The trumpet as a musical instrument has been associated with military life since ancient times. In both peace and war periods, the trumpet calls sound in the ears of the soldiers, giving them various kinds of orders (such as the order to wake up, the order to go for sleep, the order to start hostilities, the order to cease fire, the order for the army’s retreat, etc.).
Furthermore, it is historically proved that the trumpet, especially during military hostilities, has saved several times several armies in the world from a disaster. A fascinating example of this importance of the use of the trumpet in military life can be found in a very interesting book written by my unmemorable aunt Mrs. Irene D. Davaris, about her father’s adventures as a soldier of the Greek army participating in the Balkan Wars (1912 – 1913) and in the last actions of the First World War as an ally of the Entente Powers: Ημερολόγιον του στρατιώτου Δημητρίου Νικ. Δάβαρη εκ Λιόπεσι (Παιανία) Αττικής. Εκστρατεία: α) 1912-1913, β) 1918-1919 (Diary of the Soldier Dimitrios Nik. Davaris. Expedition: a) 1912-1913, b) 1918-1919), Eptalophos Publications, Athens, Greece, 2003. More especially, on page 30 of this book, we read that while a Greek infantry section was marching, on October 26, 1912, towards the Kozani village located in today’s Greek Macedonia (then still belonging to the Ottoman Empire) to fight against the Turks, suddenly it had been continuously hit by a section of the Greek artillery located near that location, because the Greek artillery section thought, by mistake, the Greek infantry section as the enemy’s infantry! As a result, when the trumpeters of the two sections played the appropriate blares to communicate, the soldiers of the Greek artillery section recognized and interpreted the characteristic trumpet blares. As a result, they ceased hitting their compatriot infantry soldiers! So, in this case, it is self-evident that the intervention of the trumpet indeed prevented the disaster of the Greek infantry forces marching towards Kozani.
So, reading such cases, I thought that it would be exciting if I would try to describe, in some way, the communication process in military life through the use of the musical instrument of the trumpet.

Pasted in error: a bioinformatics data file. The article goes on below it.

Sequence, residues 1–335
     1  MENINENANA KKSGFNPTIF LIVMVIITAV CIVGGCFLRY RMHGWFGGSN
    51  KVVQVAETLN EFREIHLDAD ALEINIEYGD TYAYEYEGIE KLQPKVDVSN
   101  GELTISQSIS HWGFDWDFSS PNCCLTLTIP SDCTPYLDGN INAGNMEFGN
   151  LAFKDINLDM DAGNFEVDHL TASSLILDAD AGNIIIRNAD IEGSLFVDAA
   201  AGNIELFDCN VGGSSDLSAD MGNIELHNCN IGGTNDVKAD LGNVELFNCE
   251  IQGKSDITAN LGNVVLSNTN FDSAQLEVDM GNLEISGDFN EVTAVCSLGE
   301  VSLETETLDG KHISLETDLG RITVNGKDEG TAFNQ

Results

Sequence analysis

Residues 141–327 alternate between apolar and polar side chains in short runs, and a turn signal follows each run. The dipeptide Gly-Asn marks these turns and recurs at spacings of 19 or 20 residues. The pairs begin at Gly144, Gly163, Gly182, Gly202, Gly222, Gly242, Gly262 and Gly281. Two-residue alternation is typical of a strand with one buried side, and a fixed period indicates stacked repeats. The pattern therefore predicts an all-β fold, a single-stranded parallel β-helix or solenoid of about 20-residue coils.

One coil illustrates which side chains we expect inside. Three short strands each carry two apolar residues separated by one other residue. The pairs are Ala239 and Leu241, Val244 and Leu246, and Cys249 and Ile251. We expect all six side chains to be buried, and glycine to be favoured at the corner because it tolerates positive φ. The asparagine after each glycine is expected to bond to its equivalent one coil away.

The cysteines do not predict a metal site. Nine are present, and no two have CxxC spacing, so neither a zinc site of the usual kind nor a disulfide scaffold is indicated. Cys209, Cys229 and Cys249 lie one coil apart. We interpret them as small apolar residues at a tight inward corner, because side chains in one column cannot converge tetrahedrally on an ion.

Having attended, on February 26, 2015, a lecture given by the distinguished Italian professor of Theoretical Philosophy at the University of Salento, Mr. Fernando Fiorentino (born in 1941 in Matino, Lecce, Italy), on the philosophical thought of the Italian priest at the Dominican order and great medieval philosopher Thomas Aquinas (san Tommaso d’Aquino, 1225 – 1274), I realized, as a trumpet player, that the use of the trumpet in the army could be perfectly analyzed in terms of the philosophical thought of Thomas Aquinas.
According to philosopher Thomas Aquinas, our whole knowledge begins with the senses. To understand our feelings, desires, or decisions, we must translate them into conventional sounds and letters. Sight and hearing are mainly the senses that serve logic and realize sound and written signs.
Therefore, regarding especially the use of the musical instrument of the trumpet in the various aspects of military life, the leader of an army, to give his soldiers the understanding of his desired commands, has to translate them into characteristic conventional sounds that are into the appropriate “marks.” So, these “marks” are the various trumpet blares that ring in the soldiers’ ears. Each trumpet’s blare corresponds to a special command. In this way, every order given by a military leader is pre particular to the soldiers’ ears as “symbolized,” being in the form of a conventional sound.
Therefore, as soon as the soldiers hear a specific trumpet’s blare, they can interpret it and make the desired movement that their leader has commanded. The verb “interpret” (in its Greek version, “ερμηνεύω” — which is pronounced as “herminevo”), can be said to accurately describe the processing to which each trumpet blare is submitted by the soldiers who hear it. In ancient times, the one who conveyed the decisions of the gods to the humans was Hermes, hence the Greek term “ερμηνεύω” (pronounced as “herminevo,” i. e. “interpret”). Thus, respectively, the trumpeter is acting as Hermes within the army, as he is the carrier of the military leader’s decisions to the ordinary.
We can schematically represent the process of communication within the army through the trumpet, with the triangular shape presented in the image accompanying the present article. Using a similar triangular shape, Professor Fernando Fiorentino has managed to describe the philosophical thought of Thomas Aquinas on the subject of the communication between the author of a book and the reader of a book. In that case, Mr. Fiorentino has explained that the reader should first recognize and interpret the “marks” given in the content of a work to understand the final meaning of this work.
So, in the same way, as we can see schematically in the image accompanying the present article, the trumpet translates the leader’s commands into conventional sounds (“marks”), which are interpreted and recognized by the soldiers, who finally reach the final meaning and carry out the commands given to them.
Finally, we conclude that the trumpet is undoubtedly a handy tool in military life, both in peace periods and, even more so, in times of war. We also see that the use of the trumpet in the army is well suited for an exciting interpretation based on the terms of the philosophical thought of the great Italian priest and philosopher of the Middle Ages, Thomas Aquinas, who had as his cornerstone the function of the “marks” as necessary elements in the communication process. Therefore, having these terms as a starting point, we can describe with absolute clarity the process of communication within the army through the musical instrument of the trumpet.